Newark's Archbishop Under Fire for Making Lavish $500K Addition to $800K Retirement Home Despite Pope Wanting 'Poor Church'

(Photo: Screen Grab via YouTube/fios1newsNJ)Archbishop of Newark, N.J., John J. Myers.

Archbishop of Newark, N.J., John J. Myers is now under fire for making a lavish $500,000 addition, including a hot tub and elevator, to his $800,000 future retirement home despite Pope Francis calling on bishops to stop living "like princes" and become a "poor church for the poor."

Before the additions began the home that Myers had used mostly as a weekend residence was a 4,500-square-foot building on 8.2 acres of land featuring five bedrooms, three full bathrooms, a three-car garage and a large outdoor pool in Hunterdon County, N.J., reports The Star-Ledger.

In preparation for his retirement in the next two years when he turns 75, a three-story, 3,000-square-foot addition is being built replete with an indoor exercise pool, a hot tub, three fireplaces, a library, an elevator, and other amenities listed on blueprints and permits filed with the Franklin Township building department, according to The Star-Ledger.

The minimum $500,000 the addition is expected to cost does not include architectural costs, furnishings and landscaping.

The lavish spending comes on the heels of the suspension of the bishop of Limburg, Germany, in October for spending $42 million to renovate his residence and other church buildings, and Myers' critics say it appears he has not been paying attention to Pope Francis' directions.

YouTube/fios1newsNJ

"Archbishop Myers obviously is not paying any attention to the pope," noted Charles Zech, faculty director of the Center for Church Management and Business Ethics at Villanova University's business school who has studied bishops' spending.

"The pope is calling on clergy to live a simpler lifestyle and to be in touch with their people. This is extreme, way beyond what you'd expect to happen. I can't believe the parishioners of Newark are going to allow this to happen," said Zech.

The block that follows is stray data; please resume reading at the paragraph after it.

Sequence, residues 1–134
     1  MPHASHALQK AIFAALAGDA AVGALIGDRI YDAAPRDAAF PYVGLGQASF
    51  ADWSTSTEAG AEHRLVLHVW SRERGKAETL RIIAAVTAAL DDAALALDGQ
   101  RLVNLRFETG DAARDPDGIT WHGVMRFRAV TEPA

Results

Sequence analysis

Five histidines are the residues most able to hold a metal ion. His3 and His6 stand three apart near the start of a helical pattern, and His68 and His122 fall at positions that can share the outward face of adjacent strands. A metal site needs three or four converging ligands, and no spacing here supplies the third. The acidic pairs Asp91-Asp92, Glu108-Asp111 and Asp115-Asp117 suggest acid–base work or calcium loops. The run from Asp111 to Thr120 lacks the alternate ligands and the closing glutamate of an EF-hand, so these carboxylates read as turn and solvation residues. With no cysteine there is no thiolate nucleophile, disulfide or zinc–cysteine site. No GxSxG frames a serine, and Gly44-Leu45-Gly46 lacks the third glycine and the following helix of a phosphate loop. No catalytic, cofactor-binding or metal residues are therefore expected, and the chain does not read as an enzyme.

Parishioners, however, are appalled by the lavish spending on digs for Myers.

"To ask people to make sacrifices and then to live in a sumptuous residence, it makes me very annoyed," said Joan Rubino, 77, who has attended Holy Family Church in Nutley for four decades. "Isn't there a better use for this money? In plain English, I feel like people are getting screwed."

(Photo: Reuters/Stefano Rellandini)Pope Francis speaks as he leads a Pentecost vigil mass in Saint Peter's Square at the Vatican May 18, 2013.

A spokesman for Archbishop Myers, Jim Goodness, argued the money for the additions will come from the sale of other church-owned properties and donors.

"There are not expected to be any expenses that cannot be met by other real estate transactions, and it will remain an asset of the archdiocese," said Goodness. "It is not a personal asset."

Professor Zech disagreed.

"This is taking money out of the pockets of parishioners," he said. "Current revenue and past revenue at one point all came from parishioners. If he thinks he can sell property and use it for his own extravagant needs, it's mind-boggling."

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